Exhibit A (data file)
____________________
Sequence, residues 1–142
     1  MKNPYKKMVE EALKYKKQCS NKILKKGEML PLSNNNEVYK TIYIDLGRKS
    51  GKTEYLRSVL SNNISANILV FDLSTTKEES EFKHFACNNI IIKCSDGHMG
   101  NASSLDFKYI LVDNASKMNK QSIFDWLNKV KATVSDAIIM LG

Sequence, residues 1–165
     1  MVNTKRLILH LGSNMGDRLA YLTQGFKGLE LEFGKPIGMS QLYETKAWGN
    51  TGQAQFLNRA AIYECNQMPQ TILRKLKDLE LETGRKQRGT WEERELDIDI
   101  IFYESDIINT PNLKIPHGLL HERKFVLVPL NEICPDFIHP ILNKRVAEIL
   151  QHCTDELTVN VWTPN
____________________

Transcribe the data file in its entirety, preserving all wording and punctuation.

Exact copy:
Sequence, residues 1–142
     1  MKNPYKKMVE EALKYKKQCS NKILKKGEML PLSNNNEVYK TIYIDLGRKS
    51  GKTEYLRSVL SNNISANILV FDLSTTKEES EFKHFACNNI IIKCSDGHMG
   101  NASSLDFKYI LVDNASKMNK QSIFDWLNKV KATVSDAIIM LG

Sequence, residues 1–165
     1  MVNTKRLILH LGSNMGDRLA YLTQGFKGLE LEFGKPIGMS QLYETKAWGN
    51  TGQAQFLNRA AIYECNQMPQ TILRKLKDLE LETGRKQRGT WEERELDIDI
   101  IFYESDIINT PNLKIPHGLL HERKFVLVPL NEICPDFIHP ILNKRVAEIL
   151  QHCTDELTVN VWTPN